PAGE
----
see2think

thinking with pictures


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driven to distraction; or, the medium and the message

M. McLuhan shone the spotlight on the importance of a communication medium that shapes or at least colors the message being expressed. When it comes to the daily browsing of flickr.com/explore and persistently being distracted by technical reasons, rather than to enjoy the subject matter or the composition, several elements stand out, again and again. Doing a simple search for “landscape” and then selecting the filter for licenses set to “no known copyright” brought up a pageful of images, mainly in color. It did not take long to spot 10 irritants that get in the way of my viewing engagement with a subject and what the photographer expresses through composition and moment of release.

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click picture for full size view

(1) glaring element (color at edge of frame not cropped out or muted somehow)

(2) focal length falsely represents the corners, insinuating visual effect of distorted motion
(3) postprocessing (similar to overly HDR examples) makes color/dynamic range strange
(4) photoshop exercise in imagination: great for fiction, distracting for non-fiction (if lenswork can be bifurcated this way)
(5) hazy capture may be optically accurate, but probably is false when compared to human visual experience
(6) poster-like colors are attractive, but by drawing attention to itself little else can be expressed
(7) blurry foreground pulls the eye away from the larger composition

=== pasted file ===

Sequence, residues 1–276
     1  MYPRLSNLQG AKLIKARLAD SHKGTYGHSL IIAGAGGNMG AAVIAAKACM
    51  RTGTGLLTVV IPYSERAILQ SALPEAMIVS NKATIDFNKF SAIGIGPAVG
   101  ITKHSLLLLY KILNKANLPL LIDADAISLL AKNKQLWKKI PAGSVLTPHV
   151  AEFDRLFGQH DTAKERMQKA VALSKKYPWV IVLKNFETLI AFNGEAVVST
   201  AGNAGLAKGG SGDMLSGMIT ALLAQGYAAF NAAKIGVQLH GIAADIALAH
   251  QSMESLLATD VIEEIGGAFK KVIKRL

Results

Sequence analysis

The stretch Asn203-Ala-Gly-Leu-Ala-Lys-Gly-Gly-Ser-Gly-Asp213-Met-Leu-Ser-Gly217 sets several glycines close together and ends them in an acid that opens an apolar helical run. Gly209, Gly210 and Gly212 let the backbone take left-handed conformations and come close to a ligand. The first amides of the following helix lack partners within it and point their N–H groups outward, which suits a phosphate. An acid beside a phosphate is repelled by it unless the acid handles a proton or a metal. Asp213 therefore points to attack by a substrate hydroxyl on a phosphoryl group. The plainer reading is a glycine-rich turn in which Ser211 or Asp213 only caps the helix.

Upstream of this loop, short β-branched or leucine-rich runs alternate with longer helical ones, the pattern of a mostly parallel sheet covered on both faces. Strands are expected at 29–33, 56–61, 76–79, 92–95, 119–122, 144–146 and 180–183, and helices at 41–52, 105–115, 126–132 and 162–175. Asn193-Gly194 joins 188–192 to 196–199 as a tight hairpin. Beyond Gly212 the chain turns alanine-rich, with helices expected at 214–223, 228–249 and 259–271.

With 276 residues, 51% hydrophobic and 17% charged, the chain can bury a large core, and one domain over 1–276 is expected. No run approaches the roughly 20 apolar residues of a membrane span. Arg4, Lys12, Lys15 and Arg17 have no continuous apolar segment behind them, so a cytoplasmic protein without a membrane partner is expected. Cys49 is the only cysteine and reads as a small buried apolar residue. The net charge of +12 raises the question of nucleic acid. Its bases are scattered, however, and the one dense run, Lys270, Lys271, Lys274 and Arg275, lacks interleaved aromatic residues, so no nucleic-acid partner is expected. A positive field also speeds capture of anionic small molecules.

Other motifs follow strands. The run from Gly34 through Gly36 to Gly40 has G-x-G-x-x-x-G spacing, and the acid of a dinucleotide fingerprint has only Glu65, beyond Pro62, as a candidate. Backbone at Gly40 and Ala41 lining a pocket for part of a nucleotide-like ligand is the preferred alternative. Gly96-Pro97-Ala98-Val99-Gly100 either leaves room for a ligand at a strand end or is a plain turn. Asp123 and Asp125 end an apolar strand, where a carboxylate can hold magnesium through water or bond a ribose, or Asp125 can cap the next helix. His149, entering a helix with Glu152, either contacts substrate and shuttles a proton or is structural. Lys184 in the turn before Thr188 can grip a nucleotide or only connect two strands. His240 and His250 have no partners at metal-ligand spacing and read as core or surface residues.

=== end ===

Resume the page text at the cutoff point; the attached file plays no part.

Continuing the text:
(8) horizon is tilted, thus taking a moment for the viewer to question what is wrong before solving the problem and finally seeing the scene itself
(9) artful blur of moving subject shouts for attention, thus distracting from the whole
(10) colors are rendered inaccurately, causing the viewer to react to this error before proceeding to the subject itself

Why do such distractions matter in the experience of visually communicating a place, time, or topic? That depends on the viewer expectations and purposes when searching through the images. In my case the pictures that speak most clearly, deeply, or with most insight and clarity of expression tend to express gorgeous light or interesting locations, contexts, moments or subjects well portrayed – not so much to show off the photographer’s talents or imagination, but instead to convey something about the subject itself. By this standard, the best pictures are technically transparent and least distract the viewer from seeing the subject itself. Things like focal lengths far outside the “normal” range (35mm film equivalent of 35mm to 65mm lens), tilted horizon, blurred subject, color distortion and the other complaints illustrated above all get in the way of engaging with a subject. The best pictures present fewest barriers to seeing the subject plainly. Accuracy and honesty are the watchwords, according to this way of seeing things. Better still, when the human eyes’ visual experience can be approximated by normal lens to stitch several frames into something like the 175 degrees (ground to sky) by 180 degrees (lefthand the righthand peripheral view), then I am most content of all. See this logic of making a facsimile to human vision in the slide set at http://bit.ly/seepano